BOSTON (AP) — A mother was arrested and her boyfriend was charged with murder in the death of a little girl whose body was found inside a trash bag on a Boston Harbor island this summer and who became known as Baby Doe, a prosecutor said Friday after a monthslong campaign to learn the girl's identity.
Suffolk District Attorney Daniel Conley said that he authorized the murder charge for the boyfriend, Michael McCarthy, and that the mother, Rachelle Bond, was under arrest for accessory to murder after the fact.
The girl became known as Baby Doe as investigators trying to find out who she was and how she died launched a massive social media campaign including a composite sketch of her, showing her chubby cheeks and brown eyes. Her real name was Bella Bond, prosecutors said Friday.
"At just shy of 3 years old, Bella Bond was a true innocent," Conley said at a news conference announcing the charges.
"This child, whose very name means beauty, was murdered," he said.
After Baby Doe's body was found in June, police immediately appealed to the public for help. The National Center for Missing and Exploited Children, using photos of her remains, created a composite image of what she might have looked like when she was alive. Within two weeks, the image had reached an estimated 47 million people on Facebook.
Photos of Bella posted on her mother's Facebook page looked strikingly similar to the composite image.
Conley didn't comment on a possible motive behind the girl's death.
"That's always a perplexing matter for us," he said. "Why does anyone kill a 2-year-old child? What could she have done?"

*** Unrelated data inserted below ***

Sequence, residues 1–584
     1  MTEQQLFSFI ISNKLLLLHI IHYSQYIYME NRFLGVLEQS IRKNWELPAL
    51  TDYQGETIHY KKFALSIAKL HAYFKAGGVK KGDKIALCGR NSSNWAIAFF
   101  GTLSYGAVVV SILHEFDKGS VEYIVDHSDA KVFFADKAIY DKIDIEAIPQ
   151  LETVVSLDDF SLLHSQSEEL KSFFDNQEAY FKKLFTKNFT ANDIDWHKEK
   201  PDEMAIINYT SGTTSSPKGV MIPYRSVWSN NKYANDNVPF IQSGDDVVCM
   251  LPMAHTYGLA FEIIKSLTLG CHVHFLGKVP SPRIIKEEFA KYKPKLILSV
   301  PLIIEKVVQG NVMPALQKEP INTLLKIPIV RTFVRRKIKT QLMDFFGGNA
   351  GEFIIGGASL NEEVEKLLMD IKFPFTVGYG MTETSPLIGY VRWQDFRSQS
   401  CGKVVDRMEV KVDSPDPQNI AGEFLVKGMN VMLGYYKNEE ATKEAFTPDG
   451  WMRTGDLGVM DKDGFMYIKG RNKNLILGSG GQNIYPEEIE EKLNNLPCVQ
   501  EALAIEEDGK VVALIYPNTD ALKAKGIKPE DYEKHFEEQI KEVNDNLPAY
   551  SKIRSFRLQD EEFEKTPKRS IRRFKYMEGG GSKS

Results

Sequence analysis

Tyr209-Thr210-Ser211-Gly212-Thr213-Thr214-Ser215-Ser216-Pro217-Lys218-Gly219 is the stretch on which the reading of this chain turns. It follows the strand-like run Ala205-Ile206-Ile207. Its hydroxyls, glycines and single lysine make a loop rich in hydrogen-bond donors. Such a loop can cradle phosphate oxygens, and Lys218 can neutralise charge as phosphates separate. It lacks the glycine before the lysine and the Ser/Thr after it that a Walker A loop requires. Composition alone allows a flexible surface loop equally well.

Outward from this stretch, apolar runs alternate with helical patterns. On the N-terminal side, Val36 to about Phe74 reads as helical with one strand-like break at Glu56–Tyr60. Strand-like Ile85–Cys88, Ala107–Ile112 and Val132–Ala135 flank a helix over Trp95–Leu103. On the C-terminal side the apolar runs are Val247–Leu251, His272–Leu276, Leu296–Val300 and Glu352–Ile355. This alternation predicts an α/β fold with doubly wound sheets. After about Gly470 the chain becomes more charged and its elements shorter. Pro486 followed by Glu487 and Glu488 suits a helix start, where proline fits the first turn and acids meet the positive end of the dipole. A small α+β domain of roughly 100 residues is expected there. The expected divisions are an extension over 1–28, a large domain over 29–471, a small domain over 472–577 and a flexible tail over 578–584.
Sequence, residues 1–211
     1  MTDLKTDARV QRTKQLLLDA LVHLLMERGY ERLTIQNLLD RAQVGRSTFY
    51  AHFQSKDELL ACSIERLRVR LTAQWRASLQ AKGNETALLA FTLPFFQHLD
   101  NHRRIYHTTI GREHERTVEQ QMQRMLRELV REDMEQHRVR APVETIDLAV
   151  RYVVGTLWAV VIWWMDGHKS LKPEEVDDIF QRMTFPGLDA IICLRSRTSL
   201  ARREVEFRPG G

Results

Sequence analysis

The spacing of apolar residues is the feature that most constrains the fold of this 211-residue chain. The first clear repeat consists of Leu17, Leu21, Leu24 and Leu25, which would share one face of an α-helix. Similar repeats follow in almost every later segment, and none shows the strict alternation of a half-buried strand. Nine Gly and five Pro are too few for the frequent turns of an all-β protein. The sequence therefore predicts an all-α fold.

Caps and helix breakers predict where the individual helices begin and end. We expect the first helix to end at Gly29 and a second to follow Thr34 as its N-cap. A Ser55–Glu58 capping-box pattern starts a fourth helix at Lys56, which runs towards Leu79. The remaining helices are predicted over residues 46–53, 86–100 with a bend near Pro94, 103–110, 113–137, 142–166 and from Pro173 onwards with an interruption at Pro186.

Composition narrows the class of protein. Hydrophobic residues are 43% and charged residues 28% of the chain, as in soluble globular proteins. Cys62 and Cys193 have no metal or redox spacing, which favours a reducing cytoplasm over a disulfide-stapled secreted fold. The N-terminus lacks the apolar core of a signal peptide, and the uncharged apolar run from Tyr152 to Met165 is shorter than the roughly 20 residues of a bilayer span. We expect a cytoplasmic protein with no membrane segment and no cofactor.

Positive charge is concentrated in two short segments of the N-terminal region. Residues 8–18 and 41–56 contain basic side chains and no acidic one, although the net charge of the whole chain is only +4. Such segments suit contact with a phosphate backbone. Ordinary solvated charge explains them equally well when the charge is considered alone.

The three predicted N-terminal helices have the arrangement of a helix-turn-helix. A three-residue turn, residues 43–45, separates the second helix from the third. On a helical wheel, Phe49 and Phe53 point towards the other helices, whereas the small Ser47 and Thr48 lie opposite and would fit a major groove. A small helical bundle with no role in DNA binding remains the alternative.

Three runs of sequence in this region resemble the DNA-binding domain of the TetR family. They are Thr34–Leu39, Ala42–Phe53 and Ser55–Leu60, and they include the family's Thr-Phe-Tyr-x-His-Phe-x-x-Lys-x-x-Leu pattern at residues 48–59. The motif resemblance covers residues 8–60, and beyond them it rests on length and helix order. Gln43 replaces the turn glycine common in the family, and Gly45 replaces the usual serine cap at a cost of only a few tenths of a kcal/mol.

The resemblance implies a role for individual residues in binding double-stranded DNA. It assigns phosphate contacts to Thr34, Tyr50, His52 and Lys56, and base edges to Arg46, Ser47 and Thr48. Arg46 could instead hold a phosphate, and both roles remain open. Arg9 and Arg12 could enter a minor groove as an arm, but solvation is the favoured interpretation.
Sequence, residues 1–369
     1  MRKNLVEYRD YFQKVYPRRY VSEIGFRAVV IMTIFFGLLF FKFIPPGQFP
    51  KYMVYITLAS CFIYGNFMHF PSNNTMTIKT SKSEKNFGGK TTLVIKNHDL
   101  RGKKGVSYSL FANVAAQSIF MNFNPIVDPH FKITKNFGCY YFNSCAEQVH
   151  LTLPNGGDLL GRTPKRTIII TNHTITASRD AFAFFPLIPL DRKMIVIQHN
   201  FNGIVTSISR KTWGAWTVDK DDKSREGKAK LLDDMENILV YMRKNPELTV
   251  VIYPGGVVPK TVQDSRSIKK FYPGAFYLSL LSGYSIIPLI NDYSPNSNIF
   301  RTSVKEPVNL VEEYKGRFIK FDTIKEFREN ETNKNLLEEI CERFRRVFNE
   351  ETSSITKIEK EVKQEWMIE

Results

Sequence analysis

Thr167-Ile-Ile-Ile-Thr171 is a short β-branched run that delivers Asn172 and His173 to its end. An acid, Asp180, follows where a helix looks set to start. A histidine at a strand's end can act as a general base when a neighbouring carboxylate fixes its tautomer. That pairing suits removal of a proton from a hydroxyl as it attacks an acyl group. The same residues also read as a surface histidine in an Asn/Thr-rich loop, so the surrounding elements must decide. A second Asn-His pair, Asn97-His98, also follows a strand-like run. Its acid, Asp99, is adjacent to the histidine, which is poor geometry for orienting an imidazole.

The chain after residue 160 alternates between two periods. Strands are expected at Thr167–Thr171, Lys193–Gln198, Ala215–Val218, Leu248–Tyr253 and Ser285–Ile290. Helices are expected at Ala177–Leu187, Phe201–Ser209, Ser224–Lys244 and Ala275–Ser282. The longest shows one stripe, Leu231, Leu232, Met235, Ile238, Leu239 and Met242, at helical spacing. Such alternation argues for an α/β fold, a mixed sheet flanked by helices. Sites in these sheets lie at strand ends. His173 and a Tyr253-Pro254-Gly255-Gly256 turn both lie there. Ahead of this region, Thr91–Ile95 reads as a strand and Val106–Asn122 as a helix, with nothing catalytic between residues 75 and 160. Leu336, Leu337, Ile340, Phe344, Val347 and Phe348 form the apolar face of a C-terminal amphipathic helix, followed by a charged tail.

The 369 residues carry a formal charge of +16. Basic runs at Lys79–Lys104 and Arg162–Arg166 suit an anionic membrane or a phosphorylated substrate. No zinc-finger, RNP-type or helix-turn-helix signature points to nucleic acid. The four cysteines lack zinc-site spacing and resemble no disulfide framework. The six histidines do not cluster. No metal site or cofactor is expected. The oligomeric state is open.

State House Speaker Robert DeLeo said Bond and McCarthy were blaming each other for the death.
McCarthy, 35, was being treated at a hospital for a medical condition unrelated to the case, prosecutors said. Bond, 40, was in custody. Neither could be reached for comment on the charges. They are due to be arraigned Monday.
Officials from the state's child protection agency said they had contact with Bella twice, for four months in 2012 and for three months in 2013. In both cases, officials described the involvement as "support for neglect," and the cases were later closed.
Between 2001 and 2006, the Department of Children and Families terminated parental rights for two of Bond's older children. One of the children was later adopted by her maternal grandmother; the other was adopted by someone outside the family.
A spokeswoman for the Executive Office of Health and Human Services, Rhonda Mann, said the agency had been working with law enforcement to help police identify Baby Doe.
"Now that we know her name, the story is no less tragic," she said.
Baby Doe's body was found June 25 inside on Deer Island in Winthrop by a woman walking a dog.
Despite the publicity, a text tip line and billboards with the girl's composite image, investigators were frustrated for months as they tried to learn her identity. They got their big break after police received a tip and a search warrant was executed Thursday at Bond's apartment.
Conley would not say how the girl's body got to Deer Island but implied her mother placed it there. He said evidence led authorities to charge the mother with being an accessory to murder after the fact.
Bond, who has a history of drug and prostitution arrests, appears on her Facebook page to be a doting mother, posting numerous photos of Bella, whom she calls Bell or Monkey.
In a posting on Aug. 18, 2014, Bond wrote: "My Bella loved her birthday party and all the awesome things she got. Broke the bank on it but it's all worth it to see her happy and laughing and smiling."
A few weeks later, a photo shows Bella wearing a tight-fitting, one-piece romper.
"Look at my Bell," Bond wrote. "The outfit isn't supposed to be a catsuit ...Love her to death. I am on top of the world because of her."
Conley said he received at least 10 offers from people, including Cardinal Sean O'Malley, who wanted to pay for the little girl's burial. He would not comment on how the girl died but said more information may be released when McCarthy and Bond are arraigned.
Associated Press writers Collin Binkley, Bob Salsberg and Steve LeBlanc contributed to this report.